Friday, June 18th, 2021

The Times, They Are a-Changing

In our last two notes, we scaled the mountain-tops of asset allocation theory, looking at the best way to hedge equity returns with other asset classes over the long term. This week, we are back in the jungle of today’s equity markets, trying to work out what to buy and what to sell. Our trip to the mountains was prompted by our view that the jungle was would be rather quiet and a bit boring, which turned out to be correct, but now we hear the sound of animals moving in the undergrowth and we think that change is on the way.

We will focus on European, not US, sectors, simply because this is now our preferred region within equity markets. This regional call is itself part of our view that change is coming and is closely bound up with our sectoral choices.

The most important theme is the switch from industrial to consumer cyclicals. We downgraded Materials from overweight to neutral at the end of May. Since then, it has continued to underperform and has developed a very negative lead indicator. This is a broad sell-off across the whole of the sector, which it is led not by the international miners quoted in the UK, but by the chemicals, steel and paper manufacturers quoted in the Eurozone. Nobody doubts that these companies will produce a powerful recovery in earnings and cashflow over the next 18 months, but our charts suggest that it is already in the price.

We see a similar trajectory beginning to take shape in Industrials. We are still overweight, but the lead indicator is now deteriorating and the recommended weight has failed to breach the high it achieved in November 2020. We also a gradual reduction in the levels at which the sector attracts support. It is all consistent with a normal topping out process, which is running about six weeks behind Materials. This would put the sector on course for its first significant sell-off sometime in August. Again, nobody doubts the recovery – which is another way of saying that there are no more unbelievers left to convert.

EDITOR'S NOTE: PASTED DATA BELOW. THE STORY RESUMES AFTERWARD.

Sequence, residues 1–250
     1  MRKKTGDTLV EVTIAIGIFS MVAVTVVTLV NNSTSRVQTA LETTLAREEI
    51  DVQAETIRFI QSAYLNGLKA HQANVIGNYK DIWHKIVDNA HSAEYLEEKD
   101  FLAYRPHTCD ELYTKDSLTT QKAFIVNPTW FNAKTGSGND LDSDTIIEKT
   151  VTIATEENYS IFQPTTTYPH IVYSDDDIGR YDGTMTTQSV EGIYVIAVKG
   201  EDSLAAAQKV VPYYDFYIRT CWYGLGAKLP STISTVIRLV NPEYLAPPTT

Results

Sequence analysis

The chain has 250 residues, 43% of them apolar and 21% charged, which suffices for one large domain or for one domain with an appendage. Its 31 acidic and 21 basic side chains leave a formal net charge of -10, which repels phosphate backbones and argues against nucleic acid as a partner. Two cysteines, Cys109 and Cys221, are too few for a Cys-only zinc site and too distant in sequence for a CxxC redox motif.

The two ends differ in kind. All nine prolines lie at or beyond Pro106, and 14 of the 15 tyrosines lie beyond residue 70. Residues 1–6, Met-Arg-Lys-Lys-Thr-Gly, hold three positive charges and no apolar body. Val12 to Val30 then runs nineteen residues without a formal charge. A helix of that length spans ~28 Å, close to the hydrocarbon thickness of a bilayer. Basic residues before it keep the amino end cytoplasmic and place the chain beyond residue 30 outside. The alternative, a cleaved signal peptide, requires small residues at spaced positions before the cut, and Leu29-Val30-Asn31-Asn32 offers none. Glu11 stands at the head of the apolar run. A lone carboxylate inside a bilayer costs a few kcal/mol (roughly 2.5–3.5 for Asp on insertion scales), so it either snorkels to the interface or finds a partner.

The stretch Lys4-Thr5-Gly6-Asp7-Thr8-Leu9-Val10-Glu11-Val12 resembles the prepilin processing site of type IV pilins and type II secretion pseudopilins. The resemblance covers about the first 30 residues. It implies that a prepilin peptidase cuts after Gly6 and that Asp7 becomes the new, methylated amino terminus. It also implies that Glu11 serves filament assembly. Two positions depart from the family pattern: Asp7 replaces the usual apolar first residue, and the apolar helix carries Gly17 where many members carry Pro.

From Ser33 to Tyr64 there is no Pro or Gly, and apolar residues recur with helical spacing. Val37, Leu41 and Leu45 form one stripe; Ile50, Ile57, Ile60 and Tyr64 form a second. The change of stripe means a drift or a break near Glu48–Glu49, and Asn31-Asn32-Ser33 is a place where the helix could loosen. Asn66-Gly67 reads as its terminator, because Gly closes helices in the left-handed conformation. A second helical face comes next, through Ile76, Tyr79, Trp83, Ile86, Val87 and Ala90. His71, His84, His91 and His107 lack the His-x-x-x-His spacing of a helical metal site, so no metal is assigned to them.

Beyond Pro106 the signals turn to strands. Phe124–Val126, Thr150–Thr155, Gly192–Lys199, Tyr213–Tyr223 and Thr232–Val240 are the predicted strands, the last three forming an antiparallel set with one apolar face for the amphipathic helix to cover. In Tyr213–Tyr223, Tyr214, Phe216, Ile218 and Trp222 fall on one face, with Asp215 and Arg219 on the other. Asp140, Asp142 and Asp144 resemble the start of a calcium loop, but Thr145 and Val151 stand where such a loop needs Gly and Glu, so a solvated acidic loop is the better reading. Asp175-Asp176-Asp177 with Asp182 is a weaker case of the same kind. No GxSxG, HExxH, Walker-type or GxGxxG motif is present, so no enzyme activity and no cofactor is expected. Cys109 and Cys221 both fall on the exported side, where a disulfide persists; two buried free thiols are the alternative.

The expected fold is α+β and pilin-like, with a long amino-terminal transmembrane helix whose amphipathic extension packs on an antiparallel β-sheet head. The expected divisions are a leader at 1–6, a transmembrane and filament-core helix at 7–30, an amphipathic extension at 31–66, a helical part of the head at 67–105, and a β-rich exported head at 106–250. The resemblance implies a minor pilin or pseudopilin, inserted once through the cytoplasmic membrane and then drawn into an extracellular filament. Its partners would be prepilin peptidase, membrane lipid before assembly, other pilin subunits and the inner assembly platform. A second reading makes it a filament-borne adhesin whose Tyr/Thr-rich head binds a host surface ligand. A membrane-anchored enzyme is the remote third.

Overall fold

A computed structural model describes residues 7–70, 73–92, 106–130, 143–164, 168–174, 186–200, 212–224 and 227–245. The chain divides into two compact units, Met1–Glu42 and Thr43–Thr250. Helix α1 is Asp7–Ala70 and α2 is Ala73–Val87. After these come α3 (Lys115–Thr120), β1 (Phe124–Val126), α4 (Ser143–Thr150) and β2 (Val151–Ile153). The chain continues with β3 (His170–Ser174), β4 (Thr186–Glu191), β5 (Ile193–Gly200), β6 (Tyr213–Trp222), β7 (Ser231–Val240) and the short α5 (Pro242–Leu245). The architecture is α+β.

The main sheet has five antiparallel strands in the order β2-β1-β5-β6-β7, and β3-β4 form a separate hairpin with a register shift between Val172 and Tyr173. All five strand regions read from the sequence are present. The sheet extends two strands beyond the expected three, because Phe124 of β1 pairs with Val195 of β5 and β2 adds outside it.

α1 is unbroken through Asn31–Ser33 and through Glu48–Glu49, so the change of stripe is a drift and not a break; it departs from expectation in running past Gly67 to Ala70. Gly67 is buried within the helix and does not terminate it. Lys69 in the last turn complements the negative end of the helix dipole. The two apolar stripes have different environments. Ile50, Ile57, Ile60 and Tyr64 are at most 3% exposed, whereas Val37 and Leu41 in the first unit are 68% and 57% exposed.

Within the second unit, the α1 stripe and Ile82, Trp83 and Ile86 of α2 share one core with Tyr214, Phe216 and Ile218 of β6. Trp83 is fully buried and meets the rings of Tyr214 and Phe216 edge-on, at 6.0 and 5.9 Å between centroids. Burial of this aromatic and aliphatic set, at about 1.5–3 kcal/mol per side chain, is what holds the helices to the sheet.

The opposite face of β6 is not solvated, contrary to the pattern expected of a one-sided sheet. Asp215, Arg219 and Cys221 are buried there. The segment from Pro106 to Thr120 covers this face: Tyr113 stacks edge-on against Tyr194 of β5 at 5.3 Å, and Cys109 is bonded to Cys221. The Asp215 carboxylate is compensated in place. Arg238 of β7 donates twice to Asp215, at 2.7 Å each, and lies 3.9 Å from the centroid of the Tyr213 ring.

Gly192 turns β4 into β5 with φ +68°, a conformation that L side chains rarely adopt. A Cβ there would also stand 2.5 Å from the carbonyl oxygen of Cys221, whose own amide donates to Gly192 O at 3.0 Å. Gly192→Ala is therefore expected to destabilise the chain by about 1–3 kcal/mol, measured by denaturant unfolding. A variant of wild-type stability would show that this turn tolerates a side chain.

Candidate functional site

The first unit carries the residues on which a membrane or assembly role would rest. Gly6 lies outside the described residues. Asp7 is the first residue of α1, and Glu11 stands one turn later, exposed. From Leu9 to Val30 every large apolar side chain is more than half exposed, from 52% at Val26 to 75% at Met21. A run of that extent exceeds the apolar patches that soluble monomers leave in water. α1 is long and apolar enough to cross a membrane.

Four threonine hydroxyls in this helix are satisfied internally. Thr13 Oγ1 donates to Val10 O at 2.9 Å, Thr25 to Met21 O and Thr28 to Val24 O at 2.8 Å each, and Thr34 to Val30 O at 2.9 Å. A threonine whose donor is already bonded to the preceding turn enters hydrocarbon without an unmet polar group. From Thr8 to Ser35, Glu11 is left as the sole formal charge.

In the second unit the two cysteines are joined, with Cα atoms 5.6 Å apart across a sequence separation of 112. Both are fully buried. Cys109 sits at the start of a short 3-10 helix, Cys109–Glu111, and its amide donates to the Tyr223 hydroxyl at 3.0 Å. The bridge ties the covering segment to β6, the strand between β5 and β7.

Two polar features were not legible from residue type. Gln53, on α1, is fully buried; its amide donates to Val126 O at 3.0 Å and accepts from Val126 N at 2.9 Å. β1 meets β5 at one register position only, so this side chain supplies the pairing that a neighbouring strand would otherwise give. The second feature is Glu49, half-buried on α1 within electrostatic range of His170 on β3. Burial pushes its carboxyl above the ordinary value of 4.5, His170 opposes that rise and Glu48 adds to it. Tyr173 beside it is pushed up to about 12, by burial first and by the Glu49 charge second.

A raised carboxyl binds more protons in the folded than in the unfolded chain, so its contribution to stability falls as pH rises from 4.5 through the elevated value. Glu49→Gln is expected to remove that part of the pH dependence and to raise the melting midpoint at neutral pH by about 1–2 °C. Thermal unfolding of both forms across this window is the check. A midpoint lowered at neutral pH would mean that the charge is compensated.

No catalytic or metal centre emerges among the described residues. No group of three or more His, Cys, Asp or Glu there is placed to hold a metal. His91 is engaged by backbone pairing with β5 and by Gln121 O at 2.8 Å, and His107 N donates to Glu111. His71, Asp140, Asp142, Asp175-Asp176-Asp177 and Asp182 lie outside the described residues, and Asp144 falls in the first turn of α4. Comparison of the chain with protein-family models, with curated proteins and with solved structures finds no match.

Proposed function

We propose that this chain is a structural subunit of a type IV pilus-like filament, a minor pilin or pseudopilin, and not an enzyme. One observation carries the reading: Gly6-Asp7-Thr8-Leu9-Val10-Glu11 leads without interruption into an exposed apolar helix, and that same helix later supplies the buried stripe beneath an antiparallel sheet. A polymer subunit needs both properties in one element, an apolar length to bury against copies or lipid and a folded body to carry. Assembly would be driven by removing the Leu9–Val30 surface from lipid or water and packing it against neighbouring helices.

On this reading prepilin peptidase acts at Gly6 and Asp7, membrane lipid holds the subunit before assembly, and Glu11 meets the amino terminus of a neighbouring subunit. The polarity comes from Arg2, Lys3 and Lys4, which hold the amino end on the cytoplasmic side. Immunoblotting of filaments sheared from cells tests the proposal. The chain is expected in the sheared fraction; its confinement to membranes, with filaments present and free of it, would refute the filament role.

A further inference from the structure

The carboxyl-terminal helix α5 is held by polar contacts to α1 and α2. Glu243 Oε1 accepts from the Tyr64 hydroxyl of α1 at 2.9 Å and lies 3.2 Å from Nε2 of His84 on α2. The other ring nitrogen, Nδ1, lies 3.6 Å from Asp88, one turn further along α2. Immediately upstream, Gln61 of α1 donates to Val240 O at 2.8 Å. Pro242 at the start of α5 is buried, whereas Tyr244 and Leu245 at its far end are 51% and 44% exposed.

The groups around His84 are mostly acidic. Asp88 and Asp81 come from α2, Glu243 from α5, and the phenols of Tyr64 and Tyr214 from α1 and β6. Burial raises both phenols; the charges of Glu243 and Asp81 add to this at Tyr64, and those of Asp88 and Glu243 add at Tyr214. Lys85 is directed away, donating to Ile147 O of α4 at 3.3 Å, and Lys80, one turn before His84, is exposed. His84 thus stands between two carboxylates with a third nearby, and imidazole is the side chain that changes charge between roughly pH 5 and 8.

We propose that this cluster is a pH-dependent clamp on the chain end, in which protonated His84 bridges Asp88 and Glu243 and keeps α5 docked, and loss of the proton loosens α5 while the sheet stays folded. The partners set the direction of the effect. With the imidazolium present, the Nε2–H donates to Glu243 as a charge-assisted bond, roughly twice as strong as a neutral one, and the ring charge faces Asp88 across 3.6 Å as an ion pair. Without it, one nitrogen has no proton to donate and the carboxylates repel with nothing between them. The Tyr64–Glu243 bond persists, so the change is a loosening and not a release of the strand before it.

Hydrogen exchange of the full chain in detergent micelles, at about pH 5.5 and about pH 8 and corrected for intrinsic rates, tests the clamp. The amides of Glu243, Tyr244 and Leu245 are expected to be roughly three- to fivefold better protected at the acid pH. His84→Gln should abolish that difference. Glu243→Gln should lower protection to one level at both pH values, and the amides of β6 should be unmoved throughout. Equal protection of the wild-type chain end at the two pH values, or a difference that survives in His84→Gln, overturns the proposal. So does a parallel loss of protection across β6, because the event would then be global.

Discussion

In contrast to these two gloomy charts, we see signs of acceleration in Consumer Services, which comprises retail, media, travel and leisure. We upgraded the sector to overweight at the end of May and it is now ranked #2 in the table, ahead of Industrials. One might argue that the recovery in consumer demand is just as predictable as that in industrial margins, but our charts suggest that investors have not yet bought into the idea as strongly. This week the sector hit a new five-year high, having been stuck in a narrow range since late 2016. On our charts there is no obvious resistance before our recommended weight gets close to its all-time high.

We are also becoming more bullish on Consumer Goods, but this is mainly the luxury goods companies, not the defensive food and beverage manufacturers, or even the autos sector, which has traded more like Industrials. The sector as a whole is about to break through an important resistance level in the neutral zone, after which the lead indicator suggests it will be quickly upgraded to overweight. We expect other changes to our views for Small Caps and selective defensive sectors such as Telecom and Healthcare, but we think these will come later in Q3. The immediate need is to reduce exposure to industrial cyclicals and to increase consumer cyclicals.

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